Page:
This great question got buried in my Inbox:
“Hey GES! I was wondering, in John 14:12, it seems that Christ is saying that work is a direct result of faith. I’m not concerned with the “greater works” part, just the fact that it looks like He’s saying “he who believes WILL do” instead of “should do.” I appreciate you taking the time to respond.
The question is what the Lord means by “The one who believes in Me” in this context. Remember that Judas has already left (John 13:30). Only the eleven were left. All of them, of course, were believers (cf. John 13:10-11; 15:3).
But is the Lord saying that the eleven would do greater works than Jesus Himself did? Or was he saying that all believers will do greater works?
Though the questioner is not concerned about the greater works, he should be. It is not possible to interpret a verse without interpreting all the words in the verse.
It seems clear, at least to me, that the Lord is speaking prophetically here of what will happen after He dies, rises from the dead, and ascends to heaven. When He is gone from the scene, even greater works will occur.
I would say that the Lord is talking about the ministries of the twelve, with Matthias taking Judas’s place, and the ministries of Paul and Barnabas. Acts 5:15-16 seems to suggest that if the shadow of Peter fell on someone, then that person was healed. That never happened during the Lord Jesus’ ministry. Peter led over 3,000 people to faith in Christ on the day of Pentecost, which is likely far more than Jesus led to faith in Himself in His three years of ministry. The Apostles ministered longer than the Lord Jesus did, hence having more opportunity to do more. Plus they were benefiting from His prior ministry and from the ministry of the Holy Spirit in their lives.
But was Jesus saying that all believers will do greater works? No.
Here is what a few commentators say:
“There was another reference to ‘greater works’ in John 5:20 (compare also John 1:50) in a context referring to judging and giving life, and perhaps a share in these two works is included in what the disciples are now being promised” (Raymond Brown, John, Vol. 2, p. 633, emphasis added).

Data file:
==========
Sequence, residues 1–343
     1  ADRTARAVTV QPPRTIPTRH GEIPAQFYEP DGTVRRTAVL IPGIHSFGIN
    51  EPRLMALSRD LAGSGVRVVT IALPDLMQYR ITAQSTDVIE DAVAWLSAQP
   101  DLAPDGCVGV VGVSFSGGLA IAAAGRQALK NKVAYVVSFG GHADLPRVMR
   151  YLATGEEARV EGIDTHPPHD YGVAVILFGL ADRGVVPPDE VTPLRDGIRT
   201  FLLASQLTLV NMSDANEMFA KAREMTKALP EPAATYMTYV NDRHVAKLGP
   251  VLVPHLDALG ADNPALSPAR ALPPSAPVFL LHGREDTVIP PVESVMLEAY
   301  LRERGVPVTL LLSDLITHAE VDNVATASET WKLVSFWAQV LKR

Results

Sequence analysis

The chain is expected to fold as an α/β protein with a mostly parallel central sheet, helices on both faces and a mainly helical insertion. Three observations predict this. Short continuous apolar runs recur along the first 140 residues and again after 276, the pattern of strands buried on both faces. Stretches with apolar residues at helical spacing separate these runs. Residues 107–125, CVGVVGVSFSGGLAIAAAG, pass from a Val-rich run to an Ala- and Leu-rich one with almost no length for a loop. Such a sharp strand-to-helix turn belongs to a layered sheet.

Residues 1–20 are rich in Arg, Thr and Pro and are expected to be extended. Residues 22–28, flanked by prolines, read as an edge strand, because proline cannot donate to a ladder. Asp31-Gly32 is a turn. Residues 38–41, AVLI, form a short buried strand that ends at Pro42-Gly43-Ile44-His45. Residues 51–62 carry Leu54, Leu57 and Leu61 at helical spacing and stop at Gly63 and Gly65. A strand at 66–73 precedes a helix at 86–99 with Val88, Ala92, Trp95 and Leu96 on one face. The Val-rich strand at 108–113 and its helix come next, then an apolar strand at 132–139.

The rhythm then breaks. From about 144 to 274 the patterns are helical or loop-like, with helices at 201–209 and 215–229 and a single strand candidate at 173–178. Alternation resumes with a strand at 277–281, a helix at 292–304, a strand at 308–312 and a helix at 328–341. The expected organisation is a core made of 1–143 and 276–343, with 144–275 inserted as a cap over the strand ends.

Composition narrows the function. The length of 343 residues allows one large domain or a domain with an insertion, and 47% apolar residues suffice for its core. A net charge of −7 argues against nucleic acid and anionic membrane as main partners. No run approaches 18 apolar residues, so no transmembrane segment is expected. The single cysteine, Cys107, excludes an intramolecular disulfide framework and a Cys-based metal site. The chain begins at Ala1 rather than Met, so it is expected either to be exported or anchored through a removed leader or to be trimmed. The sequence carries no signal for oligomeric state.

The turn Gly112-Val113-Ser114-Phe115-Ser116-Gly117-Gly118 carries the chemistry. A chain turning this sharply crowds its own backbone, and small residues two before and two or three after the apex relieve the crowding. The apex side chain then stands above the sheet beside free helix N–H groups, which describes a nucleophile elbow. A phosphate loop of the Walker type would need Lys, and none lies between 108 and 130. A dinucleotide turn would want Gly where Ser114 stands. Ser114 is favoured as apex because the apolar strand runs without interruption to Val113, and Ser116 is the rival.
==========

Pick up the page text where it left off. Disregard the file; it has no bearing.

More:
“Jesus’ disciples will perform greater works because he is going to the Father” (D. A. Carson, John, p. 496, emphasis added).
“The works of the apostles after the resurrection were not greater in kind than those of Jesus, but greater in the sphere of their influence” (R. V. G. Tasker, John, p. 172, emphasis added).
I did not find a single commentator that said that the Lord Jesus was promising that every born-again person in Church history would do greater works than He Himself did.
In whatever way we interpret John 14:12, we must harmonize that understanding with our interpretation of 1 Cor 11:30; Gal 5:4; Col 1:21-23; 1 Thess 5:10; 2 Tim 2:11-13; 4:10; Heb 5:12-15; 6:4-8; 10:26-31; Jas 5:19-20; 1 John 5:16-17. The NT does not teach that perseverance in holiness is guaranteed for believers. It does not even teach the lesser idea that every believer will at least do some works greater than what Jesus did.
I have no problem with saying that all believers do good works. In my understanding of the NT even all unbelievers do good works since unbelievers still have the image of God (marred, but not destroyed). But doing some good works is a far cry from doing works greater than Jesus did or persevering in good works.
Jesus was speaking to the eleven in John 14:12. He was talking to and about them. They did greater works. But that is no general promise about the quality or amount of good works that all believers will do.